Halo: Reach Review

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Halo: Reach Publisher: Microsoft
Developer: Bungie

Platform: Xbox 360
Reviewed on Xbox 360

A vacancy on the six-man Noble action element has finally been filled, bringing this elite group of Spartans to full strength. Stationed on the world of Reach, Noble is unfortunate enough to encounter the vanguard of the Covenant invasion of human space. This theocratic alliance of alien species wants something on Reach desperately, and is willing to exterminate humanity to do it, in this prequel to the previous Halo games.

Kyle Ackerman

Sadly, due to a death in the family, I started in on Halo: Reach more than three weeks after the rest of the Xbox 360-owning world. Certainly, that has colored this review. You'll hear that Halo: Reach is two different games, a single-player campaign and a rich, multiplayer experience. Personally, I don't think that's true. There is a short, single-player campaign filled with generic tough guy archetypes (and one tough gal), but it isn't really meant to be played as a single-player campaign.

Elite Warriors With Cardboard Personalities

Aside from a brief and simplistic dogfight-in-space sequence, this is the same game we played nine years ago, when Halo: Combat Evolved was released. It's entertaining enough – who doesn't enjoy blasting energy-sword wielding aliens? But it's not particularly novel. The art is gorgeous, and the cut-scenes are extensive, but the game isn't fundamentally different. Most of the time I was playing Halo: Reach I found myself thinking, "This is gorgeous! Why didn't Halo 3 look this good?" Followed by, "This isn't really more exciting to play than Halo 3 – it just looks better."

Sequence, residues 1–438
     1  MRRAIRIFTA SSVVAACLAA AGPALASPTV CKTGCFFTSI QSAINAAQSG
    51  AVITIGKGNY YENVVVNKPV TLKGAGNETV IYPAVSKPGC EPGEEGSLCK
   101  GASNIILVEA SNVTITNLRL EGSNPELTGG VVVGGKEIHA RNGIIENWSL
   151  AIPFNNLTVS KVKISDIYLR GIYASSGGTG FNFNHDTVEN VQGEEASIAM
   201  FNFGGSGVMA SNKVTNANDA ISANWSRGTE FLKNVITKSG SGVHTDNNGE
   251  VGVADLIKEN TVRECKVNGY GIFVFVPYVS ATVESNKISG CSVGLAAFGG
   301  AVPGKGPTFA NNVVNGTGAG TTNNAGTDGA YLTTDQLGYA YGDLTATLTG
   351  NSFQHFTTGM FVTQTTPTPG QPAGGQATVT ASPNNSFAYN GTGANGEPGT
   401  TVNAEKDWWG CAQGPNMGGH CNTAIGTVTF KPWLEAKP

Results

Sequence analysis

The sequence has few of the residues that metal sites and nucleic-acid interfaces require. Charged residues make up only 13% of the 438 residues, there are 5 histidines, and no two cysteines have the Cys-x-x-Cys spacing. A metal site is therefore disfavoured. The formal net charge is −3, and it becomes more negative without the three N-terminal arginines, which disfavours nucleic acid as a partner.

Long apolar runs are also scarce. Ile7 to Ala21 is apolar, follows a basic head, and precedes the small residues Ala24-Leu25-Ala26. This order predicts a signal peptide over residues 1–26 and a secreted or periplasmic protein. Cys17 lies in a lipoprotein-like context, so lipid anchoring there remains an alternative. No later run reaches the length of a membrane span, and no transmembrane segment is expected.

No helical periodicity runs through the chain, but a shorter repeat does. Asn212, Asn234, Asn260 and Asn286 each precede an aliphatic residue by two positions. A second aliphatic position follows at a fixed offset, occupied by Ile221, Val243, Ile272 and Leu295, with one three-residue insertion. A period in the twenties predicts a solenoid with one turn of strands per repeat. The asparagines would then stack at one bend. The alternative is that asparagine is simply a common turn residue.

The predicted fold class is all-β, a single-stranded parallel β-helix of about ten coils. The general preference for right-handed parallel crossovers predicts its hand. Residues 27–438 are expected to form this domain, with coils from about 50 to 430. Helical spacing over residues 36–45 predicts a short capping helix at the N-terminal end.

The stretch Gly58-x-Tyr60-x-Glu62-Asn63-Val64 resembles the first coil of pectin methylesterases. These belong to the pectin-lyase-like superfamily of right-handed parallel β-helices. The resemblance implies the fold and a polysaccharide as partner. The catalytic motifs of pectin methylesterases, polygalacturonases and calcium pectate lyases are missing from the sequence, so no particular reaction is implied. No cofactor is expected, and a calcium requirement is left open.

There's nothing wrong with a perfectly adequate game that's beautiful, but the campaign of Halo: Reach isn't going to stand out in your memory a year from now. More importantly, this campaign is clearly meant to be played on an absurd difficulty with other living players. Even the campaign is fundamentally a multiplayer experience against scripted bots rather than live foes. Playing the campaign in Halo: Combat Evolved cooperatively on the original Xbox was amazing – now, it's simply expected. The one stand-out moment of the campaign is its elegant conclusion. The player mounts a noble sacrifice, justifying the "Firefight" mode in which players face off against seemingly endless Covenant foes.

As for the story, the characters are more caricatures than sympathetic or relatable figures, with each Spartan of Noble team vying for the most glorious martyrdom. It's art in motion, but it's neither a gripping story nor cinema (despite the length of the cut-scenes). As for the single-player game, it's the same Halo we've been playing for the better part of a decade. It's polished, tightly constructed, but losing my interest for lack of something new. I would have been happy simply with improved AI (say, something that would let me man a turret while the AI competently drives a Warthog), but the campaign just felt like more of the same, only prettier. A game doesn't have to innovate to be good, but Halo: Reach's campaign never rises above that.